In most jobs, it would be “unusual or extraordinary” for a person to be forced to defend themselves or to survive a physical assault, and, for most categories of employees, workers’ compensation should provide benefits in this situation even where there is no accompanying physical injury.
In Doe v. SC Dept. of Disabilities and Special Needs, the SC Supreme Court held that mental health injuries suffered by a nurse were covered by workers’ compensation in SC where:
Although there were minor accompanying injuries, the court analyzed the case as if there were no accompanying injuries. Still, they found that she was entitled to benefits because the work conditions were unusual and extraordinary – the department mixed aggressive and passive patients in her unit which was something that she was not trained for or prepared to handle.
Stress, mental health injuries, or mental illness that is caused by or aggravated by a physical injury on the job is covered by workers’ compensation when causation can be proven.
SC Code Section 42-1-160 states that causation can be proven if it is admitted by the employer or if it is affirmed by a physician, psychologist, or psychiatrist:
(D) Stress, mental injuries, and mental illness alleged to have been aggravated by a work-related physical injury may not be found compensable unless the aggravation is:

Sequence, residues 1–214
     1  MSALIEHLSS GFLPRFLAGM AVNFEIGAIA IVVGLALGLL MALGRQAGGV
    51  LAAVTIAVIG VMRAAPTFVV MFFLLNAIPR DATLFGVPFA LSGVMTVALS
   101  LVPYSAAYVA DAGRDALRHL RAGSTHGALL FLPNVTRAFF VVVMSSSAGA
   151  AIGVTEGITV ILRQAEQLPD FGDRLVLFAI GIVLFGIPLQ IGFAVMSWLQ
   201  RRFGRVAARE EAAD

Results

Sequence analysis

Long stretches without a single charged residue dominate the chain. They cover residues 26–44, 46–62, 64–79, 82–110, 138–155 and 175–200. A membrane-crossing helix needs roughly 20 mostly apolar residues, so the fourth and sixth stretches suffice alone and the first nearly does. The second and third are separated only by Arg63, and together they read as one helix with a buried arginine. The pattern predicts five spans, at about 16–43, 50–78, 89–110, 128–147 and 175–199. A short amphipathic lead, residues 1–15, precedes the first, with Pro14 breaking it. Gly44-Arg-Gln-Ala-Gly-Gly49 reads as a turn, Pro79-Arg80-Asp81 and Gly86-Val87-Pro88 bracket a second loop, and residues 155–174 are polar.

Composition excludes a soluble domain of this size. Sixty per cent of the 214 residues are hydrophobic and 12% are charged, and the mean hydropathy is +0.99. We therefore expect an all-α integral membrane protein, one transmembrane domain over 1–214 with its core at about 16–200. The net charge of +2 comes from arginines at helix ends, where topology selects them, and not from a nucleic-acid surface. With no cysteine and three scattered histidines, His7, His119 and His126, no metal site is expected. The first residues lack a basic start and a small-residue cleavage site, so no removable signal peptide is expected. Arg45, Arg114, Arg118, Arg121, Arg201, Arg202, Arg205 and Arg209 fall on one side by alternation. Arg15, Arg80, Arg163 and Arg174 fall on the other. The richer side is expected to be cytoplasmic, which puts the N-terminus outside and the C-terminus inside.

(1) admitted by the employer/carrier;
(2) noted in a medical record of an authorized physician that, in the physician’s opinion, the condition is at least in part causally related or connected to the injury or accident, whether or not the physician refers the employee for treatment of the condition;
(3) found to be causally related or connected to the accident or injury after evaluation by an authorized psychologist or psychiatrist; or
(4) noted in a medical record or report of the employee’s physician as causally related or connected to the injury or accident.
Heart attacks or strokes that are brought on by on-the-job stress or a stressful event at the workplace are a different situation. In a sense, it’s a physical injury caused by a mental health injury – is that covered by workers’ compensation?
SC Code Section 42-1-160 says that heart attacks or strokes that are caused by ordinary employer/employee relations are not covered by worker’s comp unless the situation is extraordinary and unusual:
(C) Stress, mental injuries, heart attacks, strokes, embolisms, or aneurisms arising out of and in the course of employment unaccompanied by physical injury are not considered compensable if they result from any event or series of events which are incidental to normal employer/employee relations including, but not limited to, personnel actions by the employer such as disciplinary actions, work evaluations, transfers, promotions, demotions, salary reviews, or terminations, except when these actions are taken in an extraordinary and unusual manner.
So, there are three situations where workers’ compensation may cover a heart attack or stroke:
If you have suffered a mental health-related injury while on the job in SC, your Myrtle Beach Workers’ Compensation attorney at Axelrod and Associates can help you to determine whether your mental health injuries are covered by worker’s compensation.
The fields marked with * are mandatory.